The CODA project is an Open Annotation Phase II experiment that centers around two main use cases concerning transcription of scanned handwritten historical documents. It builds on several software components implemented for CATCH and CATCHPlus projects: an annotation repository, document annotation tool, workspace services, entity detection software and image processing software for detecting bounding boxes for written lines.
The first use case deals with a collection of 40.000 high-resolution scanned pages from the index books of the Queen’s Cabinet: this is the archive of the Dutch state and therefore of high historic value. It is maintained by the Dutch National Archive. The scans are partly manually transcribed at the level of lines and words, the rest of the collection is made searchable on basis of ink shapes exploiting these annotations for advanced machine learning technology of one of the CODA participants. CODA converted existing transcriptions to OAC annotations and made them searchable. It addressed the issue of annotation of annotation body text by applying entity recognition to the transcriptions. The latter was done by wrapping existing NER software for historic Dutch texts with an OAC compliant web service. Finally, will explores composite annotation targets.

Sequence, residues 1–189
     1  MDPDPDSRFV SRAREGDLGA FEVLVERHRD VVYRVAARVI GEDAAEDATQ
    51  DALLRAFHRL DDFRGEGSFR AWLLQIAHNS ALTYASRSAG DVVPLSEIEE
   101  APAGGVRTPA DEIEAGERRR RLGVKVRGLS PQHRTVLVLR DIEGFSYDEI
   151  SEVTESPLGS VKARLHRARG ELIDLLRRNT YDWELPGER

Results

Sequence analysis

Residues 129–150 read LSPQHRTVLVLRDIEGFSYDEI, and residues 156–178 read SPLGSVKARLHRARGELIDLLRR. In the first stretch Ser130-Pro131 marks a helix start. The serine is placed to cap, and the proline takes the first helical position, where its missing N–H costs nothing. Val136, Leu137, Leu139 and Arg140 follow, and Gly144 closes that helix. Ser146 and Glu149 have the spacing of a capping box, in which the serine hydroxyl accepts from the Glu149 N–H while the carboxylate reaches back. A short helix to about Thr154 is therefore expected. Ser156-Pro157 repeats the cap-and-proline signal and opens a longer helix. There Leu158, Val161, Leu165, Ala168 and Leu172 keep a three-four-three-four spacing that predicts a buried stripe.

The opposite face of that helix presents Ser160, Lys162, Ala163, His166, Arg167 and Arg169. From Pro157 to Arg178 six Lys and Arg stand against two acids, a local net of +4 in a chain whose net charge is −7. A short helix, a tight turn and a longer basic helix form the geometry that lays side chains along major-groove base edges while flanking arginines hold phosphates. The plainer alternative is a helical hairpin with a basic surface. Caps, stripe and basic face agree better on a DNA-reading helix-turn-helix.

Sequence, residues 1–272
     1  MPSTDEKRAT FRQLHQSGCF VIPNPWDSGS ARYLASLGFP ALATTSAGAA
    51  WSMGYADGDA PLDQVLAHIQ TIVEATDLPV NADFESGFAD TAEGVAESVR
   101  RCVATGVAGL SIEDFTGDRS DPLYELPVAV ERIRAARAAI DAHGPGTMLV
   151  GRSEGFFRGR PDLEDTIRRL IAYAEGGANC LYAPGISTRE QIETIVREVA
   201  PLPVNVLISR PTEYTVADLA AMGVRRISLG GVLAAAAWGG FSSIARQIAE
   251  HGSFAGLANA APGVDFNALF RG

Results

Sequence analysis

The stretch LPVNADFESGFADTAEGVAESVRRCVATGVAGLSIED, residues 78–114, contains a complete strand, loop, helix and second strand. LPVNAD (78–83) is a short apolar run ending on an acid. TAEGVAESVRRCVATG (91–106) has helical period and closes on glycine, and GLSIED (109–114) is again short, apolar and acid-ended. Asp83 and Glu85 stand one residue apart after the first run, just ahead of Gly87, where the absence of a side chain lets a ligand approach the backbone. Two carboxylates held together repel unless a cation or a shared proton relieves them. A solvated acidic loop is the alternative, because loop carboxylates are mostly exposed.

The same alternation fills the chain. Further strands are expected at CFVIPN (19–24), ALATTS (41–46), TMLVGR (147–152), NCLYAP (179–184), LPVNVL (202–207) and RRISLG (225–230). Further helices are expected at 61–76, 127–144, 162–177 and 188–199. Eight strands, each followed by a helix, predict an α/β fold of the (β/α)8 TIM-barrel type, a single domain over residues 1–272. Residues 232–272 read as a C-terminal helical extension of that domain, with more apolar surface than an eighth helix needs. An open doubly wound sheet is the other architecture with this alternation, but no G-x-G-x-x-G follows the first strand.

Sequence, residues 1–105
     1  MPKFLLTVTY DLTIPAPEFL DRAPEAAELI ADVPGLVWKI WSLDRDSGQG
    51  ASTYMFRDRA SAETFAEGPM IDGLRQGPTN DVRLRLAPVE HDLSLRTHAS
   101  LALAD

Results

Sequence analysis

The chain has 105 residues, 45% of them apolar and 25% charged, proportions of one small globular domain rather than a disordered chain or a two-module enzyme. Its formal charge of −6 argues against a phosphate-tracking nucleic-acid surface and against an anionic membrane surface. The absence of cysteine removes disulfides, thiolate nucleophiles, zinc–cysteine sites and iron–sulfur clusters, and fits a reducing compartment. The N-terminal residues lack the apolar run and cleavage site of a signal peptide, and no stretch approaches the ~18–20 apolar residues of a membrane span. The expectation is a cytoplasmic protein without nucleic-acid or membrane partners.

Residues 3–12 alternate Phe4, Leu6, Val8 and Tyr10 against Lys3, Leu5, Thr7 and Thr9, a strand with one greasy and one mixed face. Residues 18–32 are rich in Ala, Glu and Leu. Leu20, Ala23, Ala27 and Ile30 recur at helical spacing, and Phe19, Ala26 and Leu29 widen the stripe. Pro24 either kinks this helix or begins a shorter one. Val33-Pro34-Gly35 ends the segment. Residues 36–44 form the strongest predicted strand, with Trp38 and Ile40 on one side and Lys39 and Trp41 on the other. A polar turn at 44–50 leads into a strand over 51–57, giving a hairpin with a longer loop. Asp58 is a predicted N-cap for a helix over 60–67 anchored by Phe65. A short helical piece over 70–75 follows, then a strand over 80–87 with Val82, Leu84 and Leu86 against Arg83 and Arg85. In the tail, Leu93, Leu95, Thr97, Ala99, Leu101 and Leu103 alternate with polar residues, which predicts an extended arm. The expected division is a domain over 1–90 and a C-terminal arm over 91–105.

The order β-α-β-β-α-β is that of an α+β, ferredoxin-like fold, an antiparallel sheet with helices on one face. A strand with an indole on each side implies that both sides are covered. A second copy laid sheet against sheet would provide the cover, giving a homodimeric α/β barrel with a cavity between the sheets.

The second use case supports human annotators of the Sailing Letters by automatic detection of bounding boxes for lines as basis for further manual transcription. Also for this use case layering of annotations and OAC compliant web services play a role. The Sailing Letters are a collection of 38.000 historical document pages that were stolen by pirates in the 17th and 18th centuries. The collection is manually annotated by volunteers and crowd sourcing.